Today is Martin Luther King Jr. Day, the official federal holiday honoring the birthday of the civil rights leader. Race equality was his first concern, but he increasingly emphasized economic justice in his campaigns. The billions of dollars spent on the Vietnam War, he thought, had diverted attention and resources away from the millions of Americans, especially people of color, who lived their lives in poverty. Combatting entrenched systems of poverty became a major focus in the final years of King’s life. He was killed in 1968 while visiting Memphis to help rally sanitation workers on strike after years of unfair treatment.
The flaws in our society, King said in speeches and in his writings, were not superficial but systematic. In a Testament of Hope, published after his death in 1968, he said that “radical reconstruction of society itself is the real issue to be faced.” A step in that direction was the Poor People’s Campaign, which he and the Southern Christian Leadership Conference organized in 1967 and launched in 1968. The focus of the Poor People’s Campaign was jobs, income, and housing.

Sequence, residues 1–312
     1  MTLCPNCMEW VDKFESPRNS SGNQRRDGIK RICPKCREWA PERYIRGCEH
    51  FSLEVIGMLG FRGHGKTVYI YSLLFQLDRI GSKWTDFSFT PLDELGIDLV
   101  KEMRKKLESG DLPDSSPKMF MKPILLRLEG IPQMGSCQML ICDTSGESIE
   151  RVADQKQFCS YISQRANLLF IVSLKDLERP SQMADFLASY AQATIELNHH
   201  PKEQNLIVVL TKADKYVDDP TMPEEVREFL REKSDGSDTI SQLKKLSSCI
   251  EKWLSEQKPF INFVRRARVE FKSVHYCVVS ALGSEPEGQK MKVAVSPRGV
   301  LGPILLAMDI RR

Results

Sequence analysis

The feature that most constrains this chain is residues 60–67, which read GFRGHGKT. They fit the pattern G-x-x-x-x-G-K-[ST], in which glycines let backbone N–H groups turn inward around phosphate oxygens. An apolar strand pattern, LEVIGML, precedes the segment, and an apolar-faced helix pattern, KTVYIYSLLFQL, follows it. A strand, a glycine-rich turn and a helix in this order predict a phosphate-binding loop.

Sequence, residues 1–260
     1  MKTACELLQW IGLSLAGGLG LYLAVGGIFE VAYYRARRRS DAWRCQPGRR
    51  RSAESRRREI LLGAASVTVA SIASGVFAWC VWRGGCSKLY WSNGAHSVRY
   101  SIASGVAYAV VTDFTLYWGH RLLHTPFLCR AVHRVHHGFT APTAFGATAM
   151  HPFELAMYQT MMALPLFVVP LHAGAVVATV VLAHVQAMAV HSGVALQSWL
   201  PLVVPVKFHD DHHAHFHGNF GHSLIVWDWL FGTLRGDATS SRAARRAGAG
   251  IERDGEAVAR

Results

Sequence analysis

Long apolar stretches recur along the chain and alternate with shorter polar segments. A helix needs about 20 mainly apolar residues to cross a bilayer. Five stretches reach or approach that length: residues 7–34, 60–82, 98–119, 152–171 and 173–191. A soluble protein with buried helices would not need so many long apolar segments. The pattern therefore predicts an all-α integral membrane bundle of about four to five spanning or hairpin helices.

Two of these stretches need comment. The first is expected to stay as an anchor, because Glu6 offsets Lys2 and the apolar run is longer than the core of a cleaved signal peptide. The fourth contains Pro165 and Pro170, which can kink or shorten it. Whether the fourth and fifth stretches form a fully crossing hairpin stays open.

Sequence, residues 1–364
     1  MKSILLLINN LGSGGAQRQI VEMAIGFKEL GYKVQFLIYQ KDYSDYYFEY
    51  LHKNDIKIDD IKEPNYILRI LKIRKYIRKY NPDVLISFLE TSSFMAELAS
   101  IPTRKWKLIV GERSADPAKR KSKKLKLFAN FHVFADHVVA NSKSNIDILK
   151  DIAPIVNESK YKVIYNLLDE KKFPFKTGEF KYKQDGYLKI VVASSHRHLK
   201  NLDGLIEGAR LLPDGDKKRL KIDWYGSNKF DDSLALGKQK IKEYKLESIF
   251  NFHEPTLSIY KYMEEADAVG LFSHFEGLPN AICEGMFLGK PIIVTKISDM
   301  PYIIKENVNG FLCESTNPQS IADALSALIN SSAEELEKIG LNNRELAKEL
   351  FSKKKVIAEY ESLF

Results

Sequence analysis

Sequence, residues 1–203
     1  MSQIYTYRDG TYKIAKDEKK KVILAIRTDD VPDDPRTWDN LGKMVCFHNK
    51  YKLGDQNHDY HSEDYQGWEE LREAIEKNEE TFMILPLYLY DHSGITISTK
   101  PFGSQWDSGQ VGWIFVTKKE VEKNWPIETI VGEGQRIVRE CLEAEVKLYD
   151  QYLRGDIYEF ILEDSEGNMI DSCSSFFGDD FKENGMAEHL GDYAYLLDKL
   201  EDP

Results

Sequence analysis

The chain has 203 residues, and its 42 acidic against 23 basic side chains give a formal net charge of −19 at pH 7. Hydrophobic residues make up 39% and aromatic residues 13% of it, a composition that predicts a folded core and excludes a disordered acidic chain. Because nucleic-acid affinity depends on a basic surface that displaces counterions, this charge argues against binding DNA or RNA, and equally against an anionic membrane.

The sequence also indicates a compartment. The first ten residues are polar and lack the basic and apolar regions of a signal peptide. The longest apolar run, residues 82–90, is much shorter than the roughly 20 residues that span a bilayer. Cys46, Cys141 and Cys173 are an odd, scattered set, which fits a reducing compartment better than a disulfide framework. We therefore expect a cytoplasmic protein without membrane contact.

The assassination of King sapped the energy of the Poor People’s Campaign. There were some events held after his death, but the campaign largely stalled. In 2003, there was an effort in Chicago to resurrect the Campaign.
Now, more than 40 years after King’s death, we’ve spent trillions on new wars. The wealth gap is wider than ever. And, millions of Americans live in poverty.
What are you thinking today?
Do we need a renewed Poor People’s Campaign?
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Originally published at www.OurValues.org, an online experiment in civil dialogue.